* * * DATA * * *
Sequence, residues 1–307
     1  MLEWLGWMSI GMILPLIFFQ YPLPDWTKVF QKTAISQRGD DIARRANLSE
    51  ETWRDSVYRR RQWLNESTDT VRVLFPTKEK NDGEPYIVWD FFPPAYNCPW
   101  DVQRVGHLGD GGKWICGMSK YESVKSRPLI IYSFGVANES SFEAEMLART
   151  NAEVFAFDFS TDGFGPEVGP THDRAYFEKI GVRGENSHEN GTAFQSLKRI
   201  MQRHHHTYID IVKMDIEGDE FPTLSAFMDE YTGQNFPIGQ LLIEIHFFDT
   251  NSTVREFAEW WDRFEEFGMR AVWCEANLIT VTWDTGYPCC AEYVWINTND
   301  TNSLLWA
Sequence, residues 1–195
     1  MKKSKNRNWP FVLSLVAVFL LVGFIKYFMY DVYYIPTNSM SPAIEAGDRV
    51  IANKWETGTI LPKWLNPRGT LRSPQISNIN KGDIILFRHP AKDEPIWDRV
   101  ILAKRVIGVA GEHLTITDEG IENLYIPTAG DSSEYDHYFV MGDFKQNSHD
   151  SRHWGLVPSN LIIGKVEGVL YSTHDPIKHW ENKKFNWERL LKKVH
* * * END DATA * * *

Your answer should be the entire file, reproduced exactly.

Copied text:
Sequence, residues 1–307
     1  MLEWLGWMSI GMILPLIFFQ YPLPDWTKVF QKTAISQRGD DIARRANLSE
    51  ETWRDSVYRR RQWLNESTDT VRVLFPTKEK NDGEPYIVWD FFPPAYNCPW
   101  DVQRVGHLGD GGKWICGMSK YESVKSRPLI IYSFGVANES SFEAEMLART
   151  NAEVFAFDFS TDGFGPEVGP THDRAYFEKI GVRGENSHEN GTAFQSLKRI
   201  MQRHHHTYID IVKMDIEGDE FPTLSAFMDE YTGQNFPIGQ LLIEIHFFDT
   251  NSTVREFAEW WDRFEEFGMR AVWCEANLIT VTWDTGYPCC AEYVWINTND
   301  TNSLLWA
Sequence, residues 1–195
     1  MKKSKNRNWP FVLSLVAVFL LVGFIKYFMY DVYYIPTNSM SPAIEAGDRV
    51  IANKWETGTI LPKWLNPRGT LRSPQISNIN KGDIILFRHP AKDEPIWDRV
   101  ILAKRVIGVA GEHLTITDEG IENLYIPTAG DSSEYDHYFV MGDFKQNSHD
   151  SRHWGLVPSN LIIGKVEGVL YSTHDPIKHW ENKKFNWERL LKKVH